Settler Kaponga 1881–1914 — A Frontier Fragment of the Western World
Farewell to Kaponga
Farewell to Kaponga
One evening in the early spring of 1909 some 150 Kaponga settlers braved heavy rain to farewell Mr and Mrs Maurice Fitzgerald*, who were about to lead a family migration to the Waikato. They met in the Kaponga town hall, since 1901 proudly known as the Athenaeum, and enlivened the occasion with dancing, items and complimentary speeches. In his valedictory speech chairman William Swadling* told how Maurice Fitzgerald and he had been among Kaponga's first settlers, and had walked there together from Hawera as there was no way of returning horses. How one wishes that ‘Our Own’ had reported this speech more fully, and filled it out with an interview with these two pioneers. They had bought their farm sections on 8 September 1882 amid the excitement of a government land sale, with some 700 to 800 others crowding the Hawera town hall.
William Swadling's farewell from Kaponga was quite different from Fitzgerald's, for he died suddenly in June 1912. The local school closed for the day of the funeral. Among the three or four hundred who gathered in the Kaponga cemetery were many from outside the local district, including almost all the members and staff of the Eltham County Council, the mayor of Stratford, representatives of various dairy factories and other business leaders. Swadling had been a valued leader in many south Taranaki enterprises and public bodies as well as in a wide range of bodies in his own township, including the Town Board, Anglican Church, Oddfellows' Lodge, Dairy Company and school committee. Unlike Maurice Fitzgerald, he had not had to leave the district in search of a wider world for a growing clan. On his wife's death in 1906 he had been left a widower with an infant daughter. While his sister, Elizabeth Swadling, took care of his daughter, William threw himself so vigorously into public life that he came to be regarded as the ‘father of Kaponga’.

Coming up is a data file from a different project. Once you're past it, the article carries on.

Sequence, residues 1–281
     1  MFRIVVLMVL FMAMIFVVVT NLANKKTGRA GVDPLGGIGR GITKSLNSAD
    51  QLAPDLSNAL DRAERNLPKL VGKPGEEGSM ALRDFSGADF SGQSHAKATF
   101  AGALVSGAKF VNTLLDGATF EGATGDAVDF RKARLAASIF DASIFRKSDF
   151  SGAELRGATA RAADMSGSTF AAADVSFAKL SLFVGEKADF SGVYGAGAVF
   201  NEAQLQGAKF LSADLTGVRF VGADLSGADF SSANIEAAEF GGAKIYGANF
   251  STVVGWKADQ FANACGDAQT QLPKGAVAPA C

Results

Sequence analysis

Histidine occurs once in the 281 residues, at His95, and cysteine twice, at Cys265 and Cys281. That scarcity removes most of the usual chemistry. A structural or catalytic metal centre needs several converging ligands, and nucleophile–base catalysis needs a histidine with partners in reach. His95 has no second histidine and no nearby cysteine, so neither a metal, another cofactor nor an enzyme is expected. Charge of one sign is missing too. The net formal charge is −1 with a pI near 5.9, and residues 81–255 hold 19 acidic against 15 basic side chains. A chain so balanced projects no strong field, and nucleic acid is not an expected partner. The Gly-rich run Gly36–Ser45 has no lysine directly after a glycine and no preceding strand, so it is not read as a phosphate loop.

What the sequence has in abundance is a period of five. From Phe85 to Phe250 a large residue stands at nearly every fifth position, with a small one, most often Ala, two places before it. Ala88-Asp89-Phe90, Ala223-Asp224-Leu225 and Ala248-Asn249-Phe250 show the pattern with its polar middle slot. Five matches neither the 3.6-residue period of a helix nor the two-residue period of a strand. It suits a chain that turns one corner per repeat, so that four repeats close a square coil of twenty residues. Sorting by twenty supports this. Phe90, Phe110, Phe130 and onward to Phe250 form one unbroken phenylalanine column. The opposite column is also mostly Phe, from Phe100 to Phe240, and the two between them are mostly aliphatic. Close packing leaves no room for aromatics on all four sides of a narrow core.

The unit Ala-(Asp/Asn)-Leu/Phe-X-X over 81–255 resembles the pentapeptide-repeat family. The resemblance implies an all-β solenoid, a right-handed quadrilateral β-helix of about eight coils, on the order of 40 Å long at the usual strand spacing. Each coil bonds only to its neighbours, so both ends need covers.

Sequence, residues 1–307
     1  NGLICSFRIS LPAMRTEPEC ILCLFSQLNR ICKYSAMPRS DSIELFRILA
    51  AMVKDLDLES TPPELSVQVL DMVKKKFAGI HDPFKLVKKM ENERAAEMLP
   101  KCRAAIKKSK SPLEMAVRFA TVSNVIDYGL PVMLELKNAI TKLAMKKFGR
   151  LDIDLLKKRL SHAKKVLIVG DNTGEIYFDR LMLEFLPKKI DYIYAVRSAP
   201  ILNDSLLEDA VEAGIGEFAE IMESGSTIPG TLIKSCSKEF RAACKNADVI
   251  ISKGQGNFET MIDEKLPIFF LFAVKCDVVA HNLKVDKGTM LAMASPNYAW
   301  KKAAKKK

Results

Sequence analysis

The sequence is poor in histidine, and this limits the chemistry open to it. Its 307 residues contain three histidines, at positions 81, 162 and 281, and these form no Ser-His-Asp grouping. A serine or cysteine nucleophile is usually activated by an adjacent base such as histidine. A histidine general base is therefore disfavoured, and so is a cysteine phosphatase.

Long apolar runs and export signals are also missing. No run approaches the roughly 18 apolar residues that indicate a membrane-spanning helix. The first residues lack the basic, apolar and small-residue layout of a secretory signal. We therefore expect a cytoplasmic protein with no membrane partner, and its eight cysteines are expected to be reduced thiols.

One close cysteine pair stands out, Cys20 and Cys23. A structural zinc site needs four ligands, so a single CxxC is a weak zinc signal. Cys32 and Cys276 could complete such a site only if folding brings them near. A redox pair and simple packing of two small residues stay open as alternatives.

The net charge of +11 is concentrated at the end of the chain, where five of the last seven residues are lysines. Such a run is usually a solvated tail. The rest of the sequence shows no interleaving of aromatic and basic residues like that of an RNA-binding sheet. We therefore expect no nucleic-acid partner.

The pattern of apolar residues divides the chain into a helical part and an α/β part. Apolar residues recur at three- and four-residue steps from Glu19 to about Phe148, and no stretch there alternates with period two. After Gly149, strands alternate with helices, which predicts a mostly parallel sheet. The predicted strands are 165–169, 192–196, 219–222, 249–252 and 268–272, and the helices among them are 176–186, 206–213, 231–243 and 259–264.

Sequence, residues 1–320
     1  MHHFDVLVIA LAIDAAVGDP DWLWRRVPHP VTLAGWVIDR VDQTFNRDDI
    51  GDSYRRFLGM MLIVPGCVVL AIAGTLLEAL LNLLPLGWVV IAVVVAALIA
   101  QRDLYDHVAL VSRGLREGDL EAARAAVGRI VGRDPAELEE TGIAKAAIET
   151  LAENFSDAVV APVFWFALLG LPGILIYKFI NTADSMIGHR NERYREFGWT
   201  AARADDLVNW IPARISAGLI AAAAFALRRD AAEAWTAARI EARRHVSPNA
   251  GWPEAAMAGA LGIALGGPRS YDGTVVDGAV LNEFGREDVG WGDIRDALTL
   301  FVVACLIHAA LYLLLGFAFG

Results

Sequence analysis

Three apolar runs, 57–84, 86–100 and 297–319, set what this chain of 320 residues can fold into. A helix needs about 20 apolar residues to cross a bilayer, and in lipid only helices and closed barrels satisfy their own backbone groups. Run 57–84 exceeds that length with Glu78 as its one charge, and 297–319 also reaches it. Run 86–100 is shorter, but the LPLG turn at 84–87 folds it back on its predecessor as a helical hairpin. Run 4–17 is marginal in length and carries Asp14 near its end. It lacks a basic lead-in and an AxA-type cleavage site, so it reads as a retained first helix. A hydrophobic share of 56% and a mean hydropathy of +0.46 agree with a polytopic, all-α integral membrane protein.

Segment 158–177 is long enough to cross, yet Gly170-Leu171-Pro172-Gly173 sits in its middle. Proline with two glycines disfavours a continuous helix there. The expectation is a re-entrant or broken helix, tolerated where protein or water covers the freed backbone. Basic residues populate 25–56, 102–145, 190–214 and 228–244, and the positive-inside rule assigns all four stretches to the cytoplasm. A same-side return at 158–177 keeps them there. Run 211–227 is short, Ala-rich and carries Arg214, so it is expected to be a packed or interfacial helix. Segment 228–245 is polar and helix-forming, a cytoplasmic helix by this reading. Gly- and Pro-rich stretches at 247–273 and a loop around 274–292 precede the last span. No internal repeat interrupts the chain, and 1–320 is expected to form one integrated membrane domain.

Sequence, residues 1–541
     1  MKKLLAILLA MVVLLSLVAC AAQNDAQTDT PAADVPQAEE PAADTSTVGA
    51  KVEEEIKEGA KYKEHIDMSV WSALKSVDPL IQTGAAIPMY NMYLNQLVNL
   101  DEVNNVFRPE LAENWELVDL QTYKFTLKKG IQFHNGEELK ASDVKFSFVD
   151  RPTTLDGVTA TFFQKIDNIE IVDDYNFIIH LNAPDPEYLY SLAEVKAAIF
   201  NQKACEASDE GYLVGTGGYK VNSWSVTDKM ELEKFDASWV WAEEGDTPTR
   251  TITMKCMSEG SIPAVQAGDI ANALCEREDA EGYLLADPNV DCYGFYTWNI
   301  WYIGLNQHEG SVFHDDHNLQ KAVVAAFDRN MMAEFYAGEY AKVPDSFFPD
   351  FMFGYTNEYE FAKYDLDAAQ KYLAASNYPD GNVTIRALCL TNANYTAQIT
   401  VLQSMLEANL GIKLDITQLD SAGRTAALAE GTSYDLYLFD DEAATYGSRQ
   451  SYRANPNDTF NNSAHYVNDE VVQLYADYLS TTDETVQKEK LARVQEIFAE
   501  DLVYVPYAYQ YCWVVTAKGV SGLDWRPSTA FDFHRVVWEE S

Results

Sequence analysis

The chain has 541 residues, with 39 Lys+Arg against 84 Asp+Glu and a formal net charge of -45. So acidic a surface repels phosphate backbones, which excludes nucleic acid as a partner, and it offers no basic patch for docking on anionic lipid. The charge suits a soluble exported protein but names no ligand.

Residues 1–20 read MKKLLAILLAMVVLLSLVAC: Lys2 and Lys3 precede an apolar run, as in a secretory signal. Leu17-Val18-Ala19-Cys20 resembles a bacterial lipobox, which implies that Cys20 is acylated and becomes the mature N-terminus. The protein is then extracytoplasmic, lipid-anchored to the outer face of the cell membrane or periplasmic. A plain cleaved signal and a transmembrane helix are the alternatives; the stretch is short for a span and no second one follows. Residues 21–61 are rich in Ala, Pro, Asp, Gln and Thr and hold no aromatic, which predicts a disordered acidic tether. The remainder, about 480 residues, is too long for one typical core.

Maurice and Julia Fitzgerald in later life
Our three farewells give us brief glimpses of three Kaponga settler careers that roughly span the years of our study. They illustrate the diversity of pioneer origins. Prestidge had learnt his farming in Nelson, where he had arrived as a child immigrant. Swadling was a recent immigrant, with a year or two of colonial experience in Manawatu and Rangitikei. Fitzgerald was a staunch Roman Catholic from County Kerry, Ireland, with five years of page 18 colonial experience in Canterbury. Swadling's memory of swagging in and Prestidge's reminiscences indicate how primitive and amorphous were the district's beginnings, while the farewells accorded to Fitzgerald and Swadling give some intimation of the complexity and substance of what was achieved in the Kaponga district within one working lifetime, and of its interweaving with the wider world. All three were successful farmers, but while Prestidge took almost no part in public life, Fitzgerald took an active part, and Swadling became a prominent local and regional leader. This study examines the quality and the interplay of hundreds of diverse careers, of which these three are a small sample. But something must first be said about our purposes in choosing Kaponga's early settler years for close study and about our methods of approach and the reasons for them.